Thursday, March 6, 2014

A History of Gemcraft - UPDATED 05/13/14

As promised, here is my first article:

A History of Gemcraft

UPDATE 5/13/14: Read my ryview of Gemcraft Chapter 2: Chasing Shadows here.

Watch my Gemcraft Chapter 2: Tips and Tricks videos on my youtube channel here.


Gemcraft Chapter 1: The Forgotten

The first title came out in 2008. It’s a flash game in the “Tower Defense” genre. For anyone unfamiliar, tower defense is a game style that generally involves enemies moving across a map with the player building towers to destroy the enemies. There are variations, but that’s the meat.

There’s the Wikipedia page, if you’re interested.

Anyway, Gemcraft is one of my favorite tower defense games of all time. Most tower defense games involve preset towers, but in Gemcraft, you build an empty building and place interchangeable gems inside. Each gem has different properties based on its color (Red has splash damage, green has poison, etc). This blew my mind when I first played it. You could place any gem in any tower, and you could combine gems to get some unholy sum of their powers. Each time you upgrade the gem, it’s shape changes (up through level 6, I believe).

Another nice feature is that heath, money, everything is mana. It’s simple and yet super complex, because you have to balance how much you want to spend vs how much health you need in reserve. It is such a fine tuned balance sometimes that I would drive myself crazy trying to game the system just right.

Absolutely awesome.

Before gemcraft, I was by no means a tower defense fan. I found the genre boring and repetitive. But gemcraft proved that the genre can redefine strategy in flash games.

Oh yeah, and there were upgrades. I love upgrades. You’ll hear a lot about upgrades if you keep reading this blog.

The biggest flaw is that you can’t infinitely build up XP. Each time you play a level, you gain the xp of your best playthrough, and it doesn’t repeat. So if your first playthrough got you 510 xp and your next playthrough gets you 520, you only get 10 for that second playthrough. And if you get 515 the next time, you get a big fat 0 experience.

It’s my professional opinion (read: completely unprofessional, personal opinion) that any kind of upgrade game should have essentially unlimited experience. I think if you want to put in a million billion hours to get 4 xp every hour, you should be able to beat the game with your eyes closed afterwards. Games like that should be built to be able to be beaten (that was a mouthful) with almost no xp if you’re super talented, or with a whole lot of xp if you’re not. It should still be possible.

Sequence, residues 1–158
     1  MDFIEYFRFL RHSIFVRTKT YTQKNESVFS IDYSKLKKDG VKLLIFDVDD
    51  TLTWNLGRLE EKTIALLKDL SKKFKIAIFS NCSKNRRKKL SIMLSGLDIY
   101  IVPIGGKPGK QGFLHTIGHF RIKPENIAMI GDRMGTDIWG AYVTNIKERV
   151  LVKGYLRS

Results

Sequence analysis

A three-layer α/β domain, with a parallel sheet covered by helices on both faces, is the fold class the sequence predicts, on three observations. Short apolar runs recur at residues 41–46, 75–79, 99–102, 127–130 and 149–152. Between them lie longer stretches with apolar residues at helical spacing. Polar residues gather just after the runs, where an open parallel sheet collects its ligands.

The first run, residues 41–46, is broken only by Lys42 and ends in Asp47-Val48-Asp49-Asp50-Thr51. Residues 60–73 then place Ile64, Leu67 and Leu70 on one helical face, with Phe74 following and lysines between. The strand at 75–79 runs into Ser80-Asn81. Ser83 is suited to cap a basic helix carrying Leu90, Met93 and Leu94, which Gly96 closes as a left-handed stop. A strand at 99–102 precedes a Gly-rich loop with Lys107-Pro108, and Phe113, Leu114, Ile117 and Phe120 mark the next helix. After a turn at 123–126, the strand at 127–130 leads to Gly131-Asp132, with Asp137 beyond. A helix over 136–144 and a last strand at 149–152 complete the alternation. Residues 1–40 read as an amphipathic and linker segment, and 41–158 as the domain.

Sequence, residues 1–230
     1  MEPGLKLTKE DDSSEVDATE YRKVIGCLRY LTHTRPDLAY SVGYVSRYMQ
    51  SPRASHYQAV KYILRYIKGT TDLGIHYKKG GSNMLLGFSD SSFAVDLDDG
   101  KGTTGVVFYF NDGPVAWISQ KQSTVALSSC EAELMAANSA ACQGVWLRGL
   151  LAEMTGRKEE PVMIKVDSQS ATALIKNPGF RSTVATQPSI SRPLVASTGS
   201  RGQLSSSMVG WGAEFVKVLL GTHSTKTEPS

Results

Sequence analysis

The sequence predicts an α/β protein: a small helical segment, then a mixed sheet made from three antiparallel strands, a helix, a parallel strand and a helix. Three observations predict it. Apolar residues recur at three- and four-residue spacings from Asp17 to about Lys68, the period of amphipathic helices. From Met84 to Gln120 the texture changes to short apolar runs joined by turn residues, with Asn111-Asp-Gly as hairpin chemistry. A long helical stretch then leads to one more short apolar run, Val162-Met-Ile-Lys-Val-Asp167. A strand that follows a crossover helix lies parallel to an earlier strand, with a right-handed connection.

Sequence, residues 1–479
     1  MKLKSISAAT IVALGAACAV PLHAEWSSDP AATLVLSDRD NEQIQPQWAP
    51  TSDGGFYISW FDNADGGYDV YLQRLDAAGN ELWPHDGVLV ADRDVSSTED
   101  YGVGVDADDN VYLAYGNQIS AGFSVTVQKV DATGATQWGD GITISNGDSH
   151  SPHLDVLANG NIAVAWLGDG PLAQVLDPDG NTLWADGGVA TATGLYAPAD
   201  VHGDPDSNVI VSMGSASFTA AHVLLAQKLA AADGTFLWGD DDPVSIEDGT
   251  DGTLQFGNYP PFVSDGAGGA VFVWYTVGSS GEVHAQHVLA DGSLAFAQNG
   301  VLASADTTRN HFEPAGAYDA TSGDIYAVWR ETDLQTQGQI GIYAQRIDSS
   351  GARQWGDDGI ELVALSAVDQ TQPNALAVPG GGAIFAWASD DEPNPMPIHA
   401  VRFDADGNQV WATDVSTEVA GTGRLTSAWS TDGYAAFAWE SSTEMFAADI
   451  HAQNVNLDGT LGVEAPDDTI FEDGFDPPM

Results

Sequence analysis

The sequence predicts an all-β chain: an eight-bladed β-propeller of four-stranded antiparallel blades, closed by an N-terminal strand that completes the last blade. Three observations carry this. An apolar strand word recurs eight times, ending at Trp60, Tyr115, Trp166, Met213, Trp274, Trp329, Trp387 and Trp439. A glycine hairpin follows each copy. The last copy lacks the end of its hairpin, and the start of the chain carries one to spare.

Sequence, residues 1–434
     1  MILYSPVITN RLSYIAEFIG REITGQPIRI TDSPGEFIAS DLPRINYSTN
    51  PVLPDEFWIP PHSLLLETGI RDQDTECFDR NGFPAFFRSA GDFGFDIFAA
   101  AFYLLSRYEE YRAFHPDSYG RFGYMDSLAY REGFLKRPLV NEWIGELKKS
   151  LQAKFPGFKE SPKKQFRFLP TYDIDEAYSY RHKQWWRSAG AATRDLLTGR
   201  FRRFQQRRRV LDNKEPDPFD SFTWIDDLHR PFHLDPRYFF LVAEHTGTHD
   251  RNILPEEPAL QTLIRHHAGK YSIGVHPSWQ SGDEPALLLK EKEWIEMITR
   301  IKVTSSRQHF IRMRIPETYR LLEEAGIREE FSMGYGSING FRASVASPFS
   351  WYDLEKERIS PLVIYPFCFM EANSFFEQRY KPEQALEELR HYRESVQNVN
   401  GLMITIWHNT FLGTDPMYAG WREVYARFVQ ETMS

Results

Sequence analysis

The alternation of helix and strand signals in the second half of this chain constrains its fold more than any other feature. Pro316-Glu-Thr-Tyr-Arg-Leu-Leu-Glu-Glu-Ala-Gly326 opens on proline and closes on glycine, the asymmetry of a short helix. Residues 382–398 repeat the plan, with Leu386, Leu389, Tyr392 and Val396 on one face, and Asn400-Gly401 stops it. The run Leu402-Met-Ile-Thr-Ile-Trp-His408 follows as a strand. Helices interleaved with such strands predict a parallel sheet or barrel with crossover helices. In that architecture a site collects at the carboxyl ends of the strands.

It wasn’t such a big deal here, because the game wasn’t super challenging anyway, but as you’ll see below, that method really kicks my ass in the next game.

Gemcraft Chapter 0: Gem of Eternity

So, I know what you’re thinking. A prequel? Do we get to shoot Jar Jar Binks with gems that look inexplicably more intricate than gems that follow years later? Is it high frame rate? In general, the answer  the those questions are no. But I do feel that, as with most prequels, this was generally a letdown.

Chapter 0 is very much the same game. There are more buildings (rather than towers, we now have traps, which go on the path and amplify the power of the gem but diminish the damage, and shrines, which you can’t build but you can put a gem in and it will zap enemies). And there are more modes, giving enemies more hitpoints or armor, etc. Otherwise, the art, the graphics, the gameplay, very similar.

Now, those new features are pretty nice, but I didn’t find the new buildings very useful, and the extra modes didn’t help me finish the game.

In fact, I’ve never finished the game. I’m not talented enough. As I mentioned above, you only keep your highest xp gain for each mode. That means, if you’re stuck on a level, it takes FOREVER to eek out those extra 10 xp per mode to get to another level. And then the level is still super difficult. If I’m needing to grind, I want to have some guarantee that the grind will pay out in the end. But that is sooooo not the case here.
So, maybe the difficulty is beyond a mere Ryan’s capabilities. But this game fell flat for me.

Gemcraft Labyrinth

Okay, now no more numbers, it’s just called “the lost chapter”. Pretty goofy, in my opinion, but I’ll let it slide. (don’t get me wrong, I don’t necessarily think each game needs a number, but when you go 1-0-Lost-2, it just gets confusing)